Professor Law & Society Benjamin van Rooij conducts research into compliance with corona measures during and after a lockdown. Recently, fierce anti-discrimination protests broke out in the United States, and the rules were massively ignored. In conversation with Benjamin van Rooij we are looking for an explanation.
‘There was a shift before the protests. In many places in the US the measures have been relaxed and the hospitality industry has reopened. This offers more opportunity to violate social distancing rules. There is also much and strong political debate as to whether the covid measures are still necessary. Conservatives such as Trump would prefer to reopen and normalize everything. And there was also direct civil disobedience. Some pubs were still open, sometimes guarded by armed volunteers.
There have also been cases of police violence against the black population for many decades. In recent years there have been many examples of maltreatment or murder of black victims by policemen. These two movements are now coming together. That's why there are so many protests now where there is no safe distance and there is a risk of the virus spreading.’
‘Some protesters in the US say that discrimination and police violence have been a dangerous epidemic for much longer. They must rebel against it, even though the coronavirus is still there. According to a recent study, three to four black men between the ages of 25-29 are shot every 100,000 a year by the police. Police violence is a top six cause of death among these young men. The idea is that a vaccine may be available against the virus, while there is as yet no prospect of a "medicine" against police violence.
Violation of the coronary measures is therefore a form of resistance, a form of civil disobedience befitting a long tradition from Gandhi to Dr. Martin Luther King Jr. where oppressed people try to deal with injustice by breaking the law. In our new survey, which will be conducted this week, we will investigate directly how the protests are related to compliance with corona rules.’
Violation of the coronary measures is therefore a form of resistance, a form of civil disobedience befitting a long tradition from Gandhi to Dr. Martin Luther King Jr.Benjamin van Rooij, professor Law & Society
Does political preference have to do with whether or not to follow the rules?
‘According to some studies it does and according to others, including our studies in April and May, it doesn't. We are now analyzing why we have these different results. For example, we are looking at whether the studies that find political influence include enough important non-political influences in their models. We have also looked at practical opportunities for compliance and at the impulsiveness of people. These turned out to be very important explanatory factors. If you don't take them into account and focus more on political factors, they seem to play a greater role than they do in reality.’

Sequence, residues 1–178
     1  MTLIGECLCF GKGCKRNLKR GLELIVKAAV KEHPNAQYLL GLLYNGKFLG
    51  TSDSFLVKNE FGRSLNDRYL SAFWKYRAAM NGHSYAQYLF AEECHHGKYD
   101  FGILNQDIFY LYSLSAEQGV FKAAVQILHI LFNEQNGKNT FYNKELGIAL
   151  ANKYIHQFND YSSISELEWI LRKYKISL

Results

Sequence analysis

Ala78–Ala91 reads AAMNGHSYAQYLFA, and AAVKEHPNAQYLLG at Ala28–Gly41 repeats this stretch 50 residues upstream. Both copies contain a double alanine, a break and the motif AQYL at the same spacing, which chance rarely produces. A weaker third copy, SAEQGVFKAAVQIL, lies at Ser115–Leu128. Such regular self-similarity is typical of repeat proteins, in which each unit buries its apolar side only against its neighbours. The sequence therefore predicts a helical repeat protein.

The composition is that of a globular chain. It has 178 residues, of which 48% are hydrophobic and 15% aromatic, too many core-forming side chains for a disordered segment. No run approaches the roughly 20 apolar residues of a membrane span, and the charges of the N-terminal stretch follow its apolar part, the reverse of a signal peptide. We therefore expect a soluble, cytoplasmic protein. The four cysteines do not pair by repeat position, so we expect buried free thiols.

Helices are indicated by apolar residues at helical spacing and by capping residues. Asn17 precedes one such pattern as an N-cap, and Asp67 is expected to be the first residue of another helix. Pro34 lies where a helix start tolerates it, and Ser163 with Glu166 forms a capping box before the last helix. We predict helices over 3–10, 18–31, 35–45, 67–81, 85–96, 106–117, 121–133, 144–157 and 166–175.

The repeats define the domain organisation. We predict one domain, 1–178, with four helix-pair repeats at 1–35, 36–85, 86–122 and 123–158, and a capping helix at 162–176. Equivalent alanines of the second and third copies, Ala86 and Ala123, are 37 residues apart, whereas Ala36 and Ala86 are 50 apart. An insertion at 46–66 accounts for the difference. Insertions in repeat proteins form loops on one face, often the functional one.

In the Netherlands, masses of people also come together to protest. Is the situation similar?
'The scale of protests in the US is not comparable. In the US, the last week there have been protests throughout the country from early morning to midnight. Often in direct violation of the curfew that has been set in many places. In the Netherlands there are far fewer protests and also with a much smaller scale. In the Netherlands the protest is about solidarity with what is happening in the US, and about everyday forms of discrimination and racism. The Dutch protests are not about lethal police action here.
In the US, racist police violence goes far back in history with a direct link to slavery and the apartheid system. Police and racist violence is a daily present risk for African Americans. The failure to hold police accountable for racism and brutality adds insult to injury and has often been the spark that ignites protests for these everyday abuses. This was also the case with the Rodney King riots. They did not occur after Rodney King was brutally beaten up by the police in Los Angeles and the video of it came out. They started immediately after the officers involved were acquitted on April 29, 1992. Now you see the protesters are demanding that all four officers be put on trial for murder.’
Compliance with COVID-19 Mitigation Measures and Procedural Justice
To what extent do people obey the rules during the corona crisis? This is investigated by Professor Law & Society Benjamin van Rooij in the project 'Compliance with COVID-19 Mitigation Measures'. This research is funded by NWO, within the 'Corona: fast track data' programme. This grant programme was set up to collect data on issues arising in society during the corona crisis. It also investigates how procedural justice of enforcement (and therefore police violence) affects rule violations and crime in the US.